#3 is a long shot; I highly doubt an error there would blow the amp. I didn't even send any music through it, and the cable error seemed to be undepowering the unit, not shorting anywhere.

Any ideas? What should I look for?

Here are some pictures from when I took it apart. 

The whole board, for context:


Back side of the power input here, looks fine:


The power switch; doesn't look like the best soldering job, but looks fine:


Power knob (with a blue glowing LED around it)... I think it's ok too.


Some of this looks a little suspicious:


Pretty clearly some burned solder joints here:

 


The top side of those burned solder joints, where it connects into the Tripath chip:

 

:(

WHY ME? I was so excited. I guess I should be thankful the least expensive part is the part that blew. I only paid $10 for it.

Diagnosis?

Thanks,

Kyle

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post #2 of 7 Old 10-01-2013, 04:29 PM - Thread Starter
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For reference, here is a picture of the power supply I purchased on ebay and used:






And here is a picture of a stock power supply (picture taken from amazon listing):
 



Here is a sample comment from Amazon that is relevant:

 

Quote:
2) The shipped power supplies were to be a 2 amp one and a 6 amp one in the second case.
3) If you run this amplifier from a 2 amp power supply - here is some news for you. The theoretical max watts your system can deliver would be 12X2 = 24 watts - However, since the amp is running around 80% efficiency - you can get approx 24X0.8 = 18 watts max from this amplifier (best case scenario) or around 9 watts per channel. The problem comes as you drive the amplifier harder. The power supply voltages will start dipping, and as it does so, the amplifier will distort. So your clean sounding amplifier, won't sound so clean after all once you drive it past 7 - 8 watts.
4) To really use this amplifier with low distortion at high volumes, you should use a switching powersupply that delivers 12 to 13.5 volts at 4 amperes. 6 amps is a bit of an overkill, but recommended if you will be using 4 ohm speakers.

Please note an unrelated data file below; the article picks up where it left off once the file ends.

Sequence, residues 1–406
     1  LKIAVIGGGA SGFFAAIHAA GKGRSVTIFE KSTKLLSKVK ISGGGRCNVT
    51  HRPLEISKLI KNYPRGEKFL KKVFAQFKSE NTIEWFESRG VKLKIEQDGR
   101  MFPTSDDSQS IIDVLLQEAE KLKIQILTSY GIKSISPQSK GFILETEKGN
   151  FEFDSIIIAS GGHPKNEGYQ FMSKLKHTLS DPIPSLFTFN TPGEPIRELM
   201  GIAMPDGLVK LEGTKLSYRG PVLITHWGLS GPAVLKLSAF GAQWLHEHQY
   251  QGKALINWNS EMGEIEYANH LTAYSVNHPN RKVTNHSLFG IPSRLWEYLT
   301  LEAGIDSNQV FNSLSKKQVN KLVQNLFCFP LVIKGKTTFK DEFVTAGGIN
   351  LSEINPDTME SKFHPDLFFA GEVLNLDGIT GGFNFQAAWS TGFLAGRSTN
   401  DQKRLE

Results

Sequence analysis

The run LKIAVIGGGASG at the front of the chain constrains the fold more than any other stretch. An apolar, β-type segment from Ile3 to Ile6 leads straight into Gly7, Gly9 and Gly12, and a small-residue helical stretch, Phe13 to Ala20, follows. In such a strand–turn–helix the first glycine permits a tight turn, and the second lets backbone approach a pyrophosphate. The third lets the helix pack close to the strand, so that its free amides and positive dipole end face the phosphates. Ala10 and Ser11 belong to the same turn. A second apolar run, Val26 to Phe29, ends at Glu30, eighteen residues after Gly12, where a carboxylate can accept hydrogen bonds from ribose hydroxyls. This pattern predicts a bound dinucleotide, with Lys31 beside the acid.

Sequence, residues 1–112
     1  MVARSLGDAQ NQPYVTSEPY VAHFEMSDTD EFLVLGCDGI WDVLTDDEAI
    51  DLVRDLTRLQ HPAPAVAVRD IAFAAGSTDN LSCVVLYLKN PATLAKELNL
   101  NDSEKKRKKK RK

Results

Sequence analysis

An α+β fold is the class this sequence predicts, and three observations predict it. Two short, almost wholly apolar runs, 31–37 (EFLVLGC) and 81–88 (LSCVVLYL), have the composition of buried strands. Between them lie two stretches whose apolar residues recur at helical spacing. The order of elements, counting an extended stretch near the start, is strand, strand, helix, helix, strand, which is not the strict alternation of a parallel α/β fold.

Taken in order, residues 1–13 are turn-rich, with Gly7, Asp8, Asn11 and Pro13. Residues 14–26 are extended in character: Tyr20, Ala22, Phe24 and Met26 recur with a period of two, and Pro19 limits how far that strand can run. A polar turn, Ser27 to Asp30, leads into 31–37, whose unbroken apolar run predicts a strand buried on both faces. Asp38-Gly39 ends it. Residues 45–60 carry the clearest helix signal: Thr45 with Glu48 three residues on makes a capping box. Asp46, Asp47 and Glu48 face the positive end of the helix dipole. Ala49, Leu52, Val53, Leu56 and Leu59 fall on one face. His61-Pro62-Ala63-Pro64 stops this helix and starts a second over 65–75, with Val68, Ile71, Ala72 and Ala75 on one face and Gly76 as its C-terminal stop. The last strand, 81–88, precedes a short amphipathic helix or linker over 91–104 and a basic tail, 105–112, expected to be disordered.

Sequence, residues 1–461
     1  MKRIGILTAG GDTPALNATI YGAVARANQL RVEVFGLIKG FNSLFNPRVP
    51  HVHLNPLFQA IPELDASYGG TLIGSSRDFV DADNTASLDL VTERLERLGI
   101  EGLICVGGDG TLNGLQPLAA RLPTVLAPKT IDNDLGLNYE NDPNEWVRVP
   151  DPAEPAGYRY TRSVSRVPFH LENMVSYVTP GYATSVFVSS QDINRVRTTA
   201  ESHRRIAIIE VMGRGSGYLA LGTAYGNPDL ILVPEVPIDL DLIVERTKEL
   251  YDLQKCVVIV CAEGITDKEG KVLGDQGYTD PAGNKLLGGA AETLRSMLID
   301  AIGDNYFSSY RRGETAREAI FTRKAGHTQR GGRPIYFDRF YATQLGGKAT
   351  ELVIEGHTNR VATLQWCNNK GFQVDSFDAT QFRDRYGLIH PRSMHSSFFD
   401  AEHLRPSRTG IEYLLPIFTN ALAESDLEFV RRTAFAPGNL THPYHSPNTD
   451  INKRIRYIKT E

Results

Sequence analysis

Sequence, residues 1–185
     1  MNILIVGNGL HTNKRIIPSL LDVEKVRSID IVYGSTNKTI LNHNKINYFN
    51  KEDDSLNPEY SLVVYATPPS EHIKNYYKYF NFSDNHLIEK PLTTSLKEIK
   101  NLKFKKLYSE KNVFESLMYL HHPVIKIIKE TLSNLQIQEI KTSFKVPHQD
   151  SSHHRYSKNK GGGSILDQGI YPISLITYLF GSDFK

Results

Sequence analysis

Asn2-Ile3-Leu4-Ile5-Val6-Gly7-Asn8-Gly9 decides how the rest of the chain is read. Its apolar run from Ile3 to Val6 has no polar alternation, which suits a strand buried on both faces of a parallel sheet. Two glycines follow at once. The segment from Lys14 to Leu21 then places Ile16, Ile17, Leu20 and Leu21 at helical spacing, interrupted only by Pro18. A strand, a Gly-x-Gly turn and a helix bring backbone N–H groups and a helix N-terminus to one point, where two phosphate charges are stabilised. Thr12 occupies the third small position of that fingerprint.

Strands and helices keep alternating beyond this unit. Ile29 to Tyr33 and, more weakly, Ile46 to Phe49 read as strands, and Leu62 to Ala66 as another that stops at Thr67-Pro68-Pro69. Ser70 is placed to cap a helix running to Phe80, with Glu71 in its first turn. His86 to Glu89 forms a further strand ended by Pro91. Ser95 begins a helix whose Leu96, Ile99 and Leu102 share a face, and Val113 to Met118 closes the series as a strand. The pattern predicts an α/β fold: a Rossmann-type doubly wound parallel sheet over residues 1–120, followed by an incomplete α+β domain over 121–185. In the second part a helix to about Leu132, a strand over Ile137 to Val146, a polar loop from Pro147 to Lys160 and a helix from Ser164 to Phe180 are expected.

5) You cannot use this amplifer with an un-regulated transformer type powersupply rated at 12 volt. Their no-load voltage can be anywhere from 15 - 20 volt and can even be dangerous if connected to this amp - since the supply capacitor is rated at 16 volt.


And here is the comment I based the purchase of this power supply on:

 

Quote:
I bought this adapter to replace a 12V 3.5A Li Shin adapter to hopefully provide (5A) a little extra headroom for powering a small 15 watt class-T Sonic Impact amplifier and later another Lepai LP-2020A+ class-T amp.

The original Li Shin (3-prong plug) adapter produced no hum and added no noise. This Amazon-purchased ADP-15HB (2-prong plug) added a lot of hum and noise making it useless for my particular audio application. I have the Sonic Impact amp connected to a small M-audio Fast Track Pro mixing device connected to a series of guitar effects. When hooked up to my electric guitars, there was no hum problem but when connected to an amplified ukulele or an amplified acoustic guitar, both would exhibit major hum and noise when using the 2-prong ADP-15HB adapter but not when using my original Li Shin adapter.

For me, this adapter is worthless for audio but for someone else, it may or may not cause major hum problems.

BTW, the "new" Amazon-purchased 5 amp adapter provided no noticeable extra headroom over my "old" 3.5 amp adapter.

UPDATE: I just received a 12V 5A "Li Shin" replacement PS that I bought on Ebay. This 3-prong grounded PS, unlike my purchase on Amazon, is without the noise and hum of the Amazon-purchased PS. I can also clearly hear the added headroom of the 5 amp PS vs my older 3.5 amp PS. This tells me that the 2-prong Amazon purchased PS not only added extra hum and noise but it is also underpowered and not really a real 5 amp PS.

--http://www.amazon.com/Replacement-adapter-charger-Benq-Monitors/dp/B003Z6ZR5O/ref=pd_sim_e_8

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post #3 of 7 Old 10-02-2013, 04:23 AM
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Quote:
Originally Posted by fintip View Post